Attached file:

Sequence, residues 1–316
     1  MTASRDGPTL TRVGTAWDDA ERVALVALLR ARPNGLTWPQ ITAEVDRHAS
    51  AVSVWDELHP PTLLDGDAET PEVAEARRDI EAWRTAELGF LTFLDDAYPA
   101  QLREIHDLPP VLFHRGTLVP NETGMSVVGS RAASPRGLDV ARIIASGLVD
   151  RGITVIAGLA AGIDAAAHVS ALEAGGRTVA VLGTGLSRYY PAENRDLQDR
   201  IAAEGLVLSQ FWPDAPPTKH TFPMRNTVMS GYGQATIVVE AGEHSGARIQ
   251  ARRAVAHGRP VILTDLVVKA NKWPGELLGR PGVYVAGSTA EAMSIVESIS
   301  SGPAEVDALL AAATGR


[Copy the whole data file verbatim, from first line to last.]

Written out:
Sequence, residues 1–316
     1  MTASRDGPTL TRVGTAWDDA ERVALVALLR ARPNGLTWPQ ITAEVDRHAS
    51  AVSVWDELHP PTLLDGDAET PEVAEARRDI EAWRTAELGF LTFLDDAYPA
   101  QLREIHDLPP VLFHRGTLVP NETGMSVVGS RAASPRGLDV ARIIASGLVD
   151  RGITVIAGLA AGIDAAAHVS ALEAGGRTVA VLGTGLSRYY PAENRDLQDR
   201  IAAEGLVLSQ FWPDAPPTKH TFPMRNTVMS GYGQATIVVE AGEHSGARIQ
   251  ARRAVAHGRP VILTDLVVKA NKWPGELLGR PGVYVAGSTA EAMSIVESIS
   301  SGPAEVDALL AAATGR